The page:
Six dancers perform on stage against a backdrop of mangenta-lit curtains. Social chair of the club and rising second-year microbiology, immunology and molecular genetics student Sara Habibipour said the organization’s performances are free to attend, and there is no audition requirement to join. (Courtesy of Alex Aljouni)

Throughout the year, McGrath said, the company also offers free courses, ranging from beginner to intermediate and advanced levels, with most students determining which class they would prefer based on the amount of experience they have. Regardless of whether someone has never danced before or has done so professionally, the club aims to cater to everyone – including those who may not have had the privilege of growing up with access to lessons, Habibipour said.

The organization hopes to foster a noncompetitive atmosphere, Habibipour said, where all who wish to learn are welcome. In contrast to other dance companies where auditions are the prerequisite to acceptance, she said the Ballet Company at UCLA holds no such process and is committed instead to nurturing camaraderie and friendship between dancers.

[Related: Dance Disassembled: Hip-hop, ballet offer contrasting opportunities for expression through dance]

For Cunningham, being part of the company has been a chance to develop meaningful connections with others who share a similar passion. Habibipour said that as a dancer whose previous studio never participated in competitions, she felt encouraged by discovering a like-minded group who welcomed the art as a leisurely pursuit.

“We perform because we love to,” Habibipour said. “It’s just a group of people who bond over the sheer joy of ballet, which I think is really nice.”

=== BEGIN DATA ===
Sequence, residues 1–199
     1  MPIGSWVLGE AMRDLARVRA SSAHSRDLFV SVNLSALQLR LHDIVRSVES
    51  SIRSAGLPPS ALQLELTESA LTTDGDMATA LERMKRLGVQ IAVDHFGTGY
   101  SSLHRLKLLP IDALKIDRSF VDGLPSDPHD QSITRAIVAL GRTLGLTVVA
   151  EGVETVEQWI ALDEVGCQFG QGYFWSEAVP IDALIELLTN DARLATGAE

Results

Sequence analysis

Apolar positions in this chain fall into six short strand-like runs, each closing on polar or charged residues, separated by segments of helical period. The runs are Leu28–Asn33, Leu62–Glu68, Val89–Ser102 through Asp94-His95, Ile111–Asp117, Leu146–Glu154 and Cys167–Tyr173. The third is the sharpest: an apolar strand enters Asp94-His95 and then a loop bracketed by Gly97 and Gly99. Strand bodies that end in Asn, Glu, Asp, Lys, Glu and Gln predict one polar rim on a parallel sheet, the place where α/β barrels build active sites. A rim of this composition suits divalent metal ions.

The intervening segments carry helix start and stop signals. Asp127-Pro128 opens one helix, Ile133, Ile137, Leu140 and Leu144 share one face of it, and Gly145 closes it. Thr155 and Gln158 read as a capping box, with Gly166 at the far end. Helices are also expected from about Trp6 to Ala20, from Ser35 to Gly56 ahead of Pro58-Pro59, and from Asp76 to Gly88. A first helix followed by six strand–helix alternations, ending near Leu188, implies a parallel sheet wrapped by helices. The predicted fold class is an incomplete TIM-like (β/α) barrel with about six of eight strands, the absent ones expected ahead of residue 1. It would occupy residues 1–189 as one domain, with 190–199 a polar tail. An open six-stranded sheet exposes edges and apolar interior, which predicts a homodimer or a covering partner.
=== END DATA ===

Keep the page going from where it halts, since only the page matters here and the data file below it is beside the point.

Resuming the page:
With membership in the ballet community continuing to flourish, McGrath said achievements are met with an outpouring of support. These displays and gestures extend beyond the club itself to the entire dance population at UCLA, Habibipour said. Dancers across different styles frequently attend each other’s performances, which she said is a result of knowing the dedication and effort it takes to hold an event. At the end of the day, McGrath said, it is wholesome to see dancers at the university lifting each other up.

Prevailing preconceptions in the industry, however, exert pressure on dancers to be mindful of their appearance and attire, Cunningham said. In order to move away from the negative aspects associated with ballet culture that many members have experienced, she said the company allows dancers to wear the clothing of their choice. Most importantly, Cunningham said, the club has been dedicated to seeking feedback, ensuring that the company maintains a comfortable and supportive atmosphere.

“We are hoping that our presence on campus will help to broaden people’s perspectives on what it means to be a ballet dancer and what it means to do ballet,” Cunningham said.

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Lex Wang | Enterprise editor
Wang is the 2023-2024 Enterprise editor. Previously, she was the 2022-2023 Opinion editor, and prior to that, an assistant Opinion editor. She is Arts and Quad staff and also contributes to News, Sports on the men's volleyball beat, Copy, Design, Photo and Video.
Wang is the 2023-2024 Enterprise editor. Previously, she was the 2022-2023 Opinion editor, and prior to that, an assistant Opinion editor. She is Arts and Quad staff and also contributes to News, Sports on the men's volleyball beat, Copy, Design, Photo and Video.